Canada 150: Milton Wong was one of B.C.’s greatest benefactors
March 3, 2017
By Stephen Hume, Vancouver Sun |
To mark Canada’s 150th birthday, we are counting down to Canada Day with profiles of 150 noteworthy British Columbians.
There are twice as many people with the surname Wong — an estimated 60 million globally — as there are Canadians, but this son of a tailor from Chinatown was one of a kind. Admired by just about everybody, Milton K. Wong was a man with the shrewd acumen of a financial wizard, the kindness, compassion and generosity of a true humanitarian, and he saw the big picture like a visionary philosopher.
And, recalls his niece, Joanna, in Wong Family Feast, a warm narrative that tells her family’s rich history with a combination of recipes, recollections and reminiscences, he baked a stupendous apple pie. It was so popular that he could — and did — raffle them to raise money for charities.
Born in Vancouver in 1939 to Wong Kung Lai and Chu Man Wong, he was the eighth of nine children. His father came to Canada in 1908, compelled to pay the discriminatory $500 head tax for which Prime Minister Stephen Harper apologized on behalf of the nation in 2006. Milton’s dad opened a shop he named Modernize Tailors in 1913. Sons Bill and Jack took it over when they discovered engineering degrees from UBC weren’t sufficient to qualify them for work at a time of racial prejudice.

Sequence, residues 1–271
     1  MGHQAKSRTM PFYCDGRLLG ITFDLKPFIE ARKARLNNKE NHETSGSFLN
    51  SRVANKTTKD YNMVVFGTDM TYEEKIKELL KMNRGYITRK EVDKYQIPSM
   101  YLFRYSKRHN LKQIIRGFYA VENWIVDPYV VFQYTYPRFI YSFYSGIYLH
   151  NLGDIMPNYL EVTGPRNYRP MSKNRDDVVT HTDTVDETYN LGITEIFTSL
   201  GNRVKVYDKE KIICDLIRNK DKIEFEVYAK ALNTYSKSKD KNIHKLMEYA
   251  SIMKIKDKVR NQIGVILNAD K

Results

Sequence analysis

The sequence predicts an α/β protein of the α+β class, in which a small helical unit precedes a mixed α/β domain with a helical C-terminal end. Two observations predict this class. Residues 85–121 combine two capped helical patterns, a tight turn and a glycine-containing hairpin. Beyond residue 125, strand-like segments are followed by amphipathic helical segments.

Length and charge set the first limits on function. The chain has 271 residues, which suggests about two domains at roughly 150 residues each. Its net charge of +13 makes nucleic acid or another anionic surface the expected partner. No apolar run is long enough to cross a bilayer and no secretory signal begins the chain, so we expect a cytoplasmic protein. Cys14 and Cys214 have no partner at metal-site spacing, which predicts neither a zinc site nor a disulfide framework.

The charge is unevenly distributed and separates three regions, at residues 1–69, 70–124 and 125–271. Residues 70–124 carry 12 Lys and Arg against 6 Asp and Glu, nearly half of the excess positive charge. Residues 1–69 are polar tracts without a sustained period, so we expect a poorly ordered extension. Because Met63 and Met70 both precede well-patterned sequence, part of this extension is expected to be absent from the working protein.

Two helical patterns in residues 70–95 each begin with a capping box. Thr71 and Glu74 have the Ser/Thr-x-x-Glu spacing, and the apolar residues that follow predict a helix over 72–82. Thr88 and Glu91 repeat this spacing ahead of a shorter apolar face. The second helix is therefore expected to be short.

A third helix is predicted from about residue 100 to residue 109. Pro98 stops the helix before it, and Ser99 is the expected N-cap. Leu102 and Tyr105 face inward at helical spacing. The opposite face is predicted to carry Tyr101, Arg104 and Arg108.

As a boy, Milton helped out delivering The Province newspapers, graduated from Vancouver Tech, and went on to study economics and political science at the University of B.C. Upon graduating in 1963, he moved to Toronto but soon returned to Vancouver to manage investments for National Trustco Inc. He launched his own investment firm, M.K. Wong & Associates, parlayed its assets from $40 million to $3.5 billion in under a decade, and sold to HSBC Bank Canada Ltd.
He continued investing in medical research, raised $100 million for the B.C. Cancer Agency, raised funds for Nobel Prize winner Michael Smith’s research, for the YWCA, the Salvation Army, Science World, and helped found organizations as diverse as the Laurier Institution and Vancouver’s Dragon Boat Festival. He served two terms as chancellor at Simon Fraser University and was a co-founder of an investment management program at UBC’s Sauder School of Business. His community service ranged from working with the David Suzuki Foundation on climate change to helping facilitate First Nations land claims, including the Nisga’a Treaty in 1998.
Wong received many public service awards and received the Order of Canada and the Order of B.C. He died of pancreatic cancer on Dec. 31, 2011.